New rights for victims of crime in Europe - Financial compensation from the state
When a crime of violence has occurred, it is essential that victims receive adequate and appropriate financial compensation for their injuries, loss of earnings and emotional distress as soon as possible after the crime has occurred.
Financial hardship is a major problem for many tourist victims of crime. However, the Framework Decision looks only at finances relating to criminal proceedings, i.e. compensation ordered by the court and expenses incurred in the course of proceedings. It does not consider compensation by the state. This is a major omission.
Victim Support has long campaigned for fair and equal compensation for all victims of crime throughout Europe, regardless of the nationality of the victim concerned. We believe that:
- compensation should be available in all countries in Europe for victims of crime against the person, and;
- that this compensation should be provided equally to all people travelling or resident in Europe.
This issue has now been picked up in a separate EU initiative. In September 2001 the European Commission issued a Green Paper: Compensation to crime victims. (10) This paper consults on possible measures to improve state compensation to crime victims in the European Union. In particular, it looks at improving access to state compensation for cross-border victims.
At present, there is considerable variation in the amount of financial compensation available to victims, depending both on the crime that they have experienced and the country in which the crime occurs. This has the result that "Two persons becoming the victim of crime, under identical circumstances but in different Member States, may receive widely differing amounts in compensation for similar injuries". Similarly, "A citizen from a Member State with a compensation scheme travelling to a state without or with a very limited scheme will see his or her possibilities to get compensation (in case of becoming a crime victim) decrease or virtually disappear for the extension of the stay. On the contrary a person going in the opposite direction, between the same Member States, will enjoy a drastic, albeit temporary, improvement in his or her rights as a crime victim." As the Green Paper states "these effects, which must appear arbitrary from the individual's perspective, are clearly not satisfactory in view of the objective of establishing the EU as an area of freedom, security and justice for all."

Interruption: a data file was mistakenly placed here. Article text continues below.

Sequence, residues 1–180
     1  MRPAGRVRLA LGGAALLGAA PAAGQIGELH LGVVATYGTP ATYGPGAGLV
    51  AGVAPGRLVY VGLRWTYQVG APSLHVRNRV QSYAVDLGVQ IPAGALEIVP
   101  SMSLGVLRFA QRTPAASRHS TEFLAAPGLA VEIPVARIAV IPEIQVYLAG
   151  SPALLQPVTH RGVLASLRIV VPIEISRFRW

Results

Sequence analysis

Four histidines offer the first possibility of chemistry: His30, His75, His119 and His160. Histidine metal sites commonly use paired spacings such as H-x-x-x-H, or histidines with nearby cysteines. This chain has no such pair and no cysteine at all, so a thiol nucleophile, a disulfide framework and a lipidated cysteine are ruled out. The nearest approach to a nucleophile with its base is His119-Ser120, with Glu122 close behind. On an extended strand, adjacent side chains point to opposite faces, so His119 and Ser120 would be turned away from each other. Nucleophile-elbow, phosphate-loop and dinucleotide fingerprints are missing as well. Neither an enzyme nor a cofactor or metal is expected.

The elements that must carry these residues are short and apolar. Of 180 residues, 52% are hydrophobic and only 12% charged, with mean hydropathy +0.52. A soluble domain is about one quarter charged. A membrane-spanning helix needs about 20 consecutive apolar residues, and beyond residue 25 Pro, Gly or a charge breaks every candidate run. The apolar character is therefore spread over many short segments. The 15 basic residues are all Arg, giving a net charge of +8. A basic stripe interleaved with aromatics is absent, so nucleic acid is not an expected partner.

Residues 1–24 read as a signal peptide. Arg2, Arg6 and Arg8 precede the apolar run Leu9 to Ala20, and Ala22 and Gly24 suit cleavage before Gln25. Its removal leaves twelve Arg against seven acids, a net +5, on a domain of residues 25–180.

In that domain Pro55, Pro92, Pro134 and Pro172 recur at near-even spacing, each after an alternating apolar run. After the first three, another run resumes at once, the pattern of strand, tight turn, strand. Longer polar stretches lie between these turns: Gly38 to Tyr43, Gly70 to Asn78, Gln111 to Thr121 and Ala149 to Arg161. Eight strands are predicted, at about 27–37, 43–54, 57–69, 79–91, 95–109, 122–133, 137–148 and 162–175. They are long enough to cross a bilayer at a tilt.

Creating greater harmonisation between state compensation schemes poses a major challenge. Not only will the creation of a common minimum standard raise a number of difficult legal issues, for some Member States improving provision will necessitate a significant increase in budgetary and administrative resources. However, the tone of the Green Paper is optimistic: "these difficulties should not be allowed to obscure the importance and the desirability of reaching the objectives of a common minimum standard." We very much support this assertion and look forward to seeing the new proposals.
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